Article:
The Army maintains it would only deploy about a third of a brigade by air—using USAF C-17s and C-5s. The rest would travel by sea.
In its response to the GAO report, DOD said it intended to keep the four-day worldwide deployment goal, which it called a target rather than a standard.
The Air Force’s RQ-4A Global Hawk unmanned aerial vehicle generated 55 percent of the targeting data used to destroy time sensitive targets in Iraq during Gulf War II, said Maj. Gen. Joseph P. Stein, director of aerospace operations for Air Combat Command.
Global Hawk enabled the service to shorten the “kill chain”—the time it takes to find and destroy a target. The time required to pass intelligence from the UAV to Stateside analysts and back to “shooters” over Iraq sometimes dipped under 10 minutes.
Imagery from the UAV led to the destruction of 13 surface-to-air missile batteries, 70 SAM transporters, and 300 tanks, said Stein.
Global Hawk’s success prompted Army Gen. Tommy R. Franks, then commander of US Central Command, to tell lawmakers that DOD planned to add “laser designation and delivery of precision weaponry” to the RQ-4. That testimony appeared to be news to the Air Force.
According to Aerospace Daily, the service said no such plans exist. USAF has “no plans to weaponize Global Hawk now, or in the future,” the Daily quoted from a written response to a query.
Belgium’s new government changed a controversial war crimes law that allowed charges to be brought against officials with no connection to Belgium. The 1993 law had been used to charge officials such as President Bush, British Prime Minister Tony Blair, and US Defense Secretary Donald Rumsfeld with war crimes.
Belgium amended the law to limit its use to charges against Belgian citizens and residents.
Rumsfeld had indicated that Belgium’s law could make the United States unwilling to send officials to the country, which is home to NATO headquarters.
Iran earlier this summer conducted its final test of a medium-range missile capable of hitting Israel or other targets throughout the Persian Gulf region, Iranian government officials announced in July.
The missiles officially entered service with Iran’s Revolutionary Guards on July 20. At a televised deployment ceremony, at least five of the missiles were seen mounted on portable launchers.
The Shahab-3 is reported to have a range of at least 800 miles and to carry a 2,000-pound warhead. The missile was first flight-tested in July 1998.
Lt. Gen. John W. Rosa Jr. on July 10 took over as commandant of the Air Force Academy. His confirmation had been held up in the legislative roadblock set up by Idaho Sen. Larry E. Craig (R). (See “Aerospace World: Promotions Imbroglio Ends,” August, p. 12.)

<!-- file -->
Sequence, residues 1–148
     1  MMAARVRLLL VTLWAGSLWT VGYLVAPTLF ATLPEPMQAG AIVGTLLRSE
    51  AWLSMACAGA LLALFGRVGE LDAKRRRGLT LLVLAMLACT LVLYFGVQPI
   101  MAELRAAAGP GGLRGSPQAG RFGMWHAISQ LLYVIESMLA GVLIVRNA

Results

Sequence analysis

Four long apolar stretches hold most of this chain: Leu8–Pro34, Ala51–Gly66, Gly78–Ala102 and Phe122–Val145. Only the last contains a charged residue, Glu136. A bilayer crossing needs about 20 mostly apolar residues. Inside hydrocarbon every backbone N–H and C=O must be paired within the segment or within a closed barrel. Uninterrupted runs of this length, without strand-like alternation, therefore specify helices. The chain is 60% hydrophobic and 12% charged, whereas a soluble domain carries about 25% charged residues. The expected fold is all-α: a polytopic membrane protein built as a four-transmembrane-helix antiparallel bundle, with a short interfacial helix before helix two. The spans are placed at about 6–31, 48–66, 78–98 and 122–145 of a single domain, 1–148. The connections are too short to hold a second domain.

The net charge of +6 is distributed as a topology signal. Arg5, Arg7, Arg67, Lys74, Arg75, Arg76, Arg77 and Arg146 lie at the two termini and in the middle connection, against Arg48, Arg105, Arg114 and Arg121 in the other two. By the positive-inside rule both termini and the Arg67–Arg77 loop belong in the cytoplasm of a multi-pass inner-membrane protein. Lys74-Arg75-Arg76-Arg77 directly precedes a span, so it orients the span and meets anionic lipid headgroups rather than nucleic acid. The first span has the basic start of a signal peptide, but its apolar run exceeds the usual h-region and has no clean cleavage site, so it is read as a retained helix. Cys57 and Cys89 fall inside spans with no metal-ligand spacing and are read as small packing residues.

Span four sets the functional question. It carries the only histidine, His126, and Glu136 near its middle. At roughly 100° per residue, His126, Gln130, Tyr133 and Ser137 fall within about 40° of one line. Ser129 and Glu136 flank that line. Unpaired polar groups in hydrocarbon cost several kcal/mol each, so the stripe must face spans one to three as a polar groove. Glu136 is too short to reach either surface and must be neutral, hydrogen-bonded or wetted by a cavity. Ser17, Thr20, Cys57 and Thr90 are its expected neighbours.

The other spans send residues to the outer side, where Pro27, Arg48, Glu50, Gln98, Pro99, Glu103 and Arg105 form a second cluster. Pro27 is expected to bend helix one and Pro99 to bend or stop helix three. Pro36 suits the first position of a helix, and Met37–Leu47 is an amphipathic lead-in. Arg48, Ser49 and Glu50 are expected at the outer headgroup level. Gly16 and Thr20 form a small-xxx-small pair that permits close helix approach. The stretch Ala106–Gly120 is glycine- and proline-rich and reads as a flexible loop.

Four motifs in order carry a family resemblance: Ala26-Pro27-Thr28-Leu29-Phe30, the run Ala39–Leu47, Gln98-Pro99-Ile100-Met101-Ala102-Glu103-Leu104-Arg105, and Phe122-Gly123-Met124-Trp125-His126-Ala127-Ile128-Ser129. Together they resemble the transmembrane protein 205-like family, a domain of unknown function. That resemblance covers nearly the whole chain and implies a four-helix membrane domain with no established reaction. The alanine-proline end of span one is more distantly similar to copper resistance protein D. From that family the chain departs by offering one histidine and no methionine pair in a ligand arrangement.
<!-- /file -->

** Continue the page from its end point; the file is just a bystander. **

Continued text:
Air Force Secretary James G. Roche announced the same day that Rosa’s predecessor, Lt. Gen. John R. Dallager, would be retired as a major general, not as a lieutenant general. The service said Dallager “did not exercise the degree of leadership in this situation we expect of our commanders.” (See “Aerospace World: Report: Academy Lost Focus on Assault Problem,” August, p.12.)
Rosa was the last of four new leaders installed at the academy after the Air Force removed the previous officials in the wake of the sexual assault scandal.
The Air Force announced on July 23 several force structure changes for 2004, among them a formal notice of retirement for its fleet of 20 C-9 Nightingale medical evacuation aircraft and 44 KC-135E tankers.
Officials said the service faced rising costs to support the C-9 aircraft. They also maintain the mission can be handled more efficiently without a dedicated fleet of medevac aircraft.
USAF is replacing the Air National Guard and Air Force Reserve Command KC-135Es with 24 KC-135Rs.
The announcement also stated the service would cut 2,260 military positions, 2,839 civilian positions, and 1,055 part-time reserve authorizations. Some of the cuts are related to the aircraft retirements, while others are part of “workforce reshaping.”
Many of the positions had been identified for elimination in prior budgets but were never removed from USAF books. They had been unfunded and unfilled.
In mid-July, space powerhouses Boeing and Loral announced that the collapse of the commercial space market had hit them hard. Loral filed for bankruptcy protection, and Boeing said it would no longer market its Delta IV launch vehicle for commercial use.
Launch and orbital systems have become a “terrible marketplace,” said Boeing chairman Philip M. Condit in a conference call with financial analysts. Boeing will instead focus efforts on the government launch business—even though the Air Force just cut Boeing’s share of current launches. (See “Washington Watch,” p. 11.)
Overall, the number of commercial space launches has fallen by more than 50 percent since 1998.
The Air Force has said it remains committed to assured access to space, meaning the nation needs to preserve at least two heavy-lift launch providers—Boeing and Lockheed Martin. Boeing would not be allowed to fail as a government launch provider, if that would leave the government with only one viable launch option, say USAF officials.
Despite pundit claims about American unease, a July Gallup poll determined that only 27 percent of Americans believe it was a mistake to send US troops to Iraq.
According to Gallup, “Concern about the validity of the war in Iraq this spring is somewhat higher” than the concern about Gulf War I at a comparable time, but it is “nowhere near” the percentage of people who questioned US involvement in Vietnam.